Friday, 11 April 2014

The dangers of the Unrewarded Middle

Selina Todd writing in the Guardian has a point when she suggests that most people don't identify with being 'hard-working families' as Miliband imagines from his isolated and away-with-the-fairies illusion of what ordinary folk are like. It's a fantasy world that exists purely in the Miliband head. 'Ordinary people who have to work' is by far a more accurate description. 

Likewise, the 'squeezed middle' has proved to be a soggy squib. Recent research suggests that the middle reacted to 2008 by knuckling down, cutting costs, repaying loans, skimping on foreign travel and new cars and even with cuts in universal Welfare benefits made adjustments. Fortuitously, the car industry has been saved by the thieving bankers grudgingly having to repay billions in PPI compensation, most of which has been spent on new cars and white goods. 

And 'we're all in this together' has proven to be true only for the very wealthy, who as a group have seen their incomes soar as the rest of the country is stuck on zero percent pay increases. Few will view as equitable an arrangement under which all are required to endure hardship but only some are rewarded. 

And of course those home-owners living in London and the south east are seeing increases of up to 30% over 2008 levels for their homes.

So I think there's a new political cliche lurking out there waiting out there to be discovered - the 'unrewarded middle' - those working in manufacturing or professions untouched by the consumer-spending led recovery, living in areas in which house prices haven't yet recovered their 2008 levels, burdened by student debt and with abilities and qualifications that won't win them secure well-paying work, who have obeyed all the rules and see nothing before them but a lifetime of unwelcome graft, struggle and grief. Such folk will be deservedly angry at all the political promises - and intelligent enough to realise that whilst politicians may be unable to offer salvation, they can at least be kicked hard when the opportunity of the ballot-box arises.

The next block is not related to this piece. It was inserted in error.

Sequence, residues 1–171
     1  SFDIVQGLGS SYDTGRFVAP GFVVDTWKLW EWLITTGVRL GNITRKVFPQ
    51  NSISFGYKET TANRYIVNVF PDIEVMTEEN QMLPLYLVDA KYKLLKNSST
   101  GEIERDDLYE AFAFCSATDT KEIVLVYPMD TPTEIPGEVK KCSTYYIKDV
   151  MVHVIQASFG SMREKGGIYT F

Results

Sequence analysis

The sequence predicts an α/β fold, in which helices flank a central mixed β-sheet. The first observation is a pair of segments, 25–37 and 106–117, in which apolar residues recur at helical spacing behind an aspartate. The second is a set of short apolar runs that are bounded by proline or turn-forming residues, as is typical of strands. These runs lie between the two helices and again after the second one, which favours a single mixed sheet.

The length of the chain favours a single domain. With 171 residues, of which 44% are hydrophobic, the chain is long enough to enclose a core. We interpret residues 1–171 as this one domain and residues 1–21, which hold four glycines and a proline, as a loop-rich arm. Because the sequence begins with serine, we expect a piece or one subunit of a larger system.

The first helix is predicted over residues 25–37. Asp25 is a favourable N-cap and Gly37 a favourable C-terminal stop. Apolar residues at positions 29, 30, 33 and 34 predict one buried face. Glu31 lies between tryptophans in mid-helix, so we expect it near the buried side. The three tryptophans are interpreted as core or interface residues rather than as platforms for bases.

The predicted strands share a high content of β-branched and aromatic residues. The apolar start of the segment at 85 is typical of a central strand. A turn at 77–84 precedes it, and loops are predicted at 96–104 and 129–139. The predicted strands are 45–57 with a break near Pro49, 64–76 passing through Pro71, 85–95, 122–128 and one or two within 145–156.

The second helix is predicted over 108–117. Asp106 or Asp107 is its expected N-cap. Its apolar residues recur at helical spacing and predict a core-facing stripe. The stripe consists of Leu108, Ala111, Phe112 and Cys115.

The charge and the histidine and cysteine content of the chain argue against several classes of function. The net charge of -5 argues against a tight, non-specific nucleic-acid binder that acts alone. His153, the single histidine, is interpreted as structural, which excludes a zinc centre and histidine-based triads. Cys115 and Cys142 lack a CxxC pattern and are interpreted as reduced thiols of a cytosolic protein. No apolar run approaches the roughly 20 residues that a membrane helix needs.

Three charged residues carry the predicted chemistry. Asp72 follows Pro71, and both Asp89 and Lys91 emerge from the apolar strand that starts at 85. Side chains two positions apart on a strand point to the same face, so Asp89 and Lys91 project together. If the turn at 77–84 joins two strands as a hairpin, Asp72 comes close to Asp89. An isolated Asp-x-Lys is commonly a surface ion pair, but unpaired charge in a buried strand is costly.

10 comments:

DeeDee99 said...

There is already a cliché for the "unrewarded middle." They're the "coping class." Coping, because they have to: because, sure as night follows day, not one of LibLabCON gives a monkey's about them and not one will do anything to make their lives easier.

They are summed up by the proliferation of "Keep Calm and Carry On" tat which is currently on sale.

They are the people LibLabCON rely on to keep the country ticking over; not to make a fuss; to draw in their belts so that the Elite can continue to milk the system for all it's worth and to resignedly see their incomes taxed to oblivion and their paltry savings decimated by negative interest rates and inflation so that the Government can play Lady Bountiful and doesn't actually HAVE to make the tough choices they continually witter on about.

I'm in the coping class.